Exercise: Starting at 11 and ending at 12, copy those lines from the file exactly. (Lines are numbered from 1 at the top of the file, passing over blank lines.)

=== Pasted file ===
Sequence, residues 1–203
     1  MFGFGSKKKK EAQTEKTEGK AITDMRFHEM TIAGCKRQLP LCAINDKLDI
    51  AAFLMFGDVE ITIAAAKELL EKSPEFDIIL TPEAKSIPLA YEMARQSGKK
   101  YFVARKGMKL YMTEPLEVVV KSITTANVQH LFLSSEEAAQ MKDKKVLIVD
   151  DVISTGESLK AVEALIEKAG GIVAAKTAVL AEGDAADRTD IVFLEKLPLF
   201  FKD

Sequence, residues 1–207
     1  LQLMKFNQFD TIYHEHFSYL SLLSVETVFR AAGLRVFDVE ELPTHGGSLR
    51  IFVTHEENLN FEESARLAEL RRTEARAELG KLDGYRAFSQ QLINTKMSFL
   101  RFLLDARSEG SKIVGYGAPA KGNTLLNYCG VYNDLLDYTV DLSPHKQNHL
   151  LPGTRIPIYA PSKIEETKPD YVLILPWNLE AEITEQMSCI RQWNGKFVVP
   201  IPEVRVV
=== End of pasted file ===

   151  LPGTRIPIYA PSKIEETKPD YVLILPWNLE AEITEQMSCI RQWNGKFVVP
   201  IPEVRVV